A 27-year-old man has been found guilty of the murder of Grace Millane, a British backpacker who disappeared a year ago in Auckland after going on a date.
A jury of seven women and five men took just five hours to unanimously agree that the accused, who cannot be named, had murdered Millane in the hotel room where they had gone after their night out.
As the verdict was delivered, her parents David and Gillian, who had sat through the three-week trial in Auckland’s high court, sobbed. Some members of the jury could also be seen in tears.
The accused showed no emotion as the verdict was read out. He will be sentenced in February.
Speaking outside the court, David Millane said the verdict would be welcomed by his family and his daughter’s friends, but it “will not reduce the pain and suffering we have had to endure over the past year”.
He said: “Grace was taken from us in the most brutal fashion. Our lives have been ripped apart. This will be with us for the rest of our lives. Grace was a beautiful, talented, loving daughter.
“Grace was our sunshine. She did not deserve to be murdered in such a barbaric way in her OE [overseas experience] year.”
He thanked the police, prosecution and New Zealand people for their kindness.
“We must return home and try to pick up the pieces of our lives, day to day, without our lovely Grace.”
Details of the Grace Millane case
Millane, 21, arrived in New Zealand in November 2018 as part of a round-the-world trip. She met the accused on 1 December for a Tinder date at the Sky City casino and later died in his room at the CityLife hotel after being strangled to death.
Her body was then contorted into a suitcase and buried in a shallow grave in the Waitakere ranges, a bushland area west of the city. It has not been disputed from the beginning of the trial that the accused caused Millane’s death, and disposed of her body in an attempt to cover up the incident.
The prosecution argued that the defendant used “reckless violence” while strangling Millane during consensual sex, and disregarded the risk to her life when choking her so hard and for so long that she died.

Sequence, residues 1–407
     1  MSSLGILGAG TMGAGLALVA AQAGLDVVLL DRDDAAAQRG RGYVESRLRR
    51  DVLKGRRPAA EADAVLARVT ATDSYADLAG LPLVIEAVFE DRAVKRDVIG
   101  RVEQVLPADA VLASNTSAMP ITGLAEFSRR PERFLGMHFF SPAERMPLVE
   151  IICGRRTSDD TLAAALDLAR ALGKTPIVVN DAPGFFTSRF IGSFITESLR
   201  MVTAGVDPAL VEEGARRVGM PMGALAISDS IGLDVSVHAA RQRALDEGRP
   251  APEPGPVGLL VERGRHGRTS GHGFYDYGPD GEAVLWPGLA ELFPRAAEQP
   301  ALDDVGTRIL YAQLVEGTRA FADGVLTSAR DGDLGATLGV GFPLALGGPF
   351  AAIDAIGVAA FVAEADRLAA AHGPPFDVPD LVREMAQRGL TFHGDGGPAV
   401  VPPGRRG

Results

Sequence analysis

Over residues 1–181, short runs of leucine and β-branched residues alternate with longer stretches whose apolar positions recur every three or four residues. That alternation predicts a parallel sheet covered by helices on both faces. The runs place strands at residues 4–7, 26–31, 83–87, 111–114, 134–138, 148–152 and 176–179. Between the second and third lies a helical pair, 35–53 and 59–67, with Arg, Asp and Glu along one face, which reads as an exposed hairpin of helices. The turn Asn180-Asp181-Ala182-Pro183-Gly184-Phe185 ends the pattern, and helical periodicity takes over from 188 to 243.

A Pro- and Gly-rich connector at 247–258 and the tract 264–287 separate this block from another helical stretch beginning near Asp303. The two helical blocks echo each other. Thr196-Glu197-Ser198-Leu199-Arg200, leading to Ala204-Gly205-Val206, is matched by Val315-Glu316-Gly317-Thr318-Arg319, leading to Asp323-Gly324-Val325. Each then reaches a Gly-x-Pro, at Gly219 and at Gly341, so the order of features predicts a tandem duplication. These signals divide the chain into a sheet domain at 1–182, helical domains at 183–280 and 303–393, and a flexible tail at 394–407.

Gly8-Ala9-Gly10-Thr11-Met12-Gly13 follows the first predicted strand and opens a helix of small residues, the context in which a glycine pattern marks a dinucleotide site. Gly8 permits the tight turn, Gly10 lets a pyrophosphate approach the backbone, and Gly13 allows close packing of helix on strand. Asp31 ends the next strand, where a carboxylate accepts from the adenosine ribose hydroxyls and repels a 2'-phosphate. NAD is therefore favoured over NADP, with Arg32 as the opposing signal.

A forensic pathologist said it would have taken five to 10 minutes for Millane to have died, and she would first have fallen unconscious due to the pressure on her neck.
“You can’t consent to your own murder,” said crown prosecutor Brian Dickey.
“This isn’t a little bit of sex gone wrong … because the person doing that must have known that they were hurting her, causing her harm, that might well cause her death, but they were reckless and carried on, and she died.”
The defence counsel argued that Millane, from Essex, died accidentally in a “tragic” event that resulted from a toxic combination of alcohol, inexperience with BDSM practices and sexual passion going too far.
The accused had buried Millane’s body and hidden evidence of her death due to a fear of not being believed, the defence said, claiming Millane’s death was not the result of murderous intent, but a series of mistakes and bad decisions compounded by stress and intoxication.
Millane’s parents, David and Gillian, have been present for every day of the trial, accompanied by New Zealand Detective Inspector Scott Beard, who led the initial missing person’s investigation into Millane’s week-long disappearance, and a local family liaison police officer who conducted enquiries on behalf of New Zealand police in the UK.
Throughout the three-week trial the jury learned of Millane’s “happy and outgoing nature” and her initial delight in meeting the accused on their first date together – “we click so well” she had texted a UK friend, during an evening in which the pair visited a series of inner-city Auckland bars.
The jury also learned that the accused had a long history of Tinder dating, with a number of his former dates cutting off contact with him because they felt “uncomfortable” with his demeanour or sexual proclivities.
The accused, who lived in an inner-city hotel, had a reported interest in choking and domination, and a history of telling exaggerated stories and lies – including that he had cancer, was a professional athlete, and worked as an “oil manager” off-shore.
Addressing the jury, Judge Simon Moore said it was not disputed that the defendant had “repeatedly” lied to the police and others involved in the case, and there was substantial evidence of his lies. However the judge reminded the jury that however off-putting they may have found the accused’s lifestyle and sexual tastes, they should in no way influence their decision-making process in whether or not he was guilty.
Moore commended the jury for their “conscientiousness” during the high-profile trial, and said he believed they had followed his orders not to read the “saturation” media coverage of the case, or speculation on social media.
The forensic pathologist who examined Millane said the bruises on her upper body were classic signs of “restraint” and he had never seen a case of death resulting from consensual sexual strangulation in New Zealand, calling such an incident “incredibly rare” worldwide.
Millane’s death shocked many in New Zealand, which prides itself on welcoming tourists.
Hundreds of people attended candlelight vigils after she died, and the prime minister, Jacinda Ardern, spoke about New Zealanders feeling “hurt and shame” that she was killed in their country.